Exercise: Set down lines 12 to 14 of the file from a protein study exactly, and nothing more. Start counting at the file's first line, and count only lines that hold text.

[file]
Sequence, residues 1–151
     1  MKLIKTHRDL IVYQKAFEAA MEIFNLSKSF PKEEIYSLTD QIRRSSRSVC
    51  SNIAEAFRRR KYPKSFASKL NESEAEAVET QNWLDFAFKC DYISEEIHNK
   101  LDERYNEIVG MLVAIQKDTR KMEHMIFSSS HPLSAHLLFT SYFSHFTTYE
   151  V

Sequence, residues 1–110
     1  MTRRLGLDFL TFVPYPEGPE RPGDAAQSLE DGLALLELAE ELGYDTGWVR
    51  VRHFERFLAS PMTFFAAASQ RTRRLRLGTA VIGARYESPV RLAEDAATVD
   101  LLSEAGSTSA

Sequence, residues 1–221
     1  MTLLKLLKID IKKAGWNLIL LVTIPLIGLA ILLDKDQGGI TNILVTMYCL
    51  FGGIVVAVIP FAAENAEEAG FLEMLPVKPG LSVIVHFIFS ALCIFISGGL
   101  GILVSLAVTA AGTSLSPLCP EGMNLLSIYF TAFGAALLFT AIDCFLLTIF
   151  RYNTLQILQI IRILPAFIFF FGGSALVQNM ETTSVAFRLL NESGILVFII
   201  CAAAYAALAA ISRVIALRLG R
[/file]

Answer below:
    51  FGGIVVAVIP FAAENAEEAG FLEMLPVKPG LSVIVHFIFS ALCIFISGGL
   101  GILVSLAVTA AGTSLSPLCP EGMNLLSIYF TAFGAALLFT AIDCFLLTIF
   151  RYNTLQILQI IRILPAFIFF FGGSALVQNM ETTSVAFRLL NESGILVFII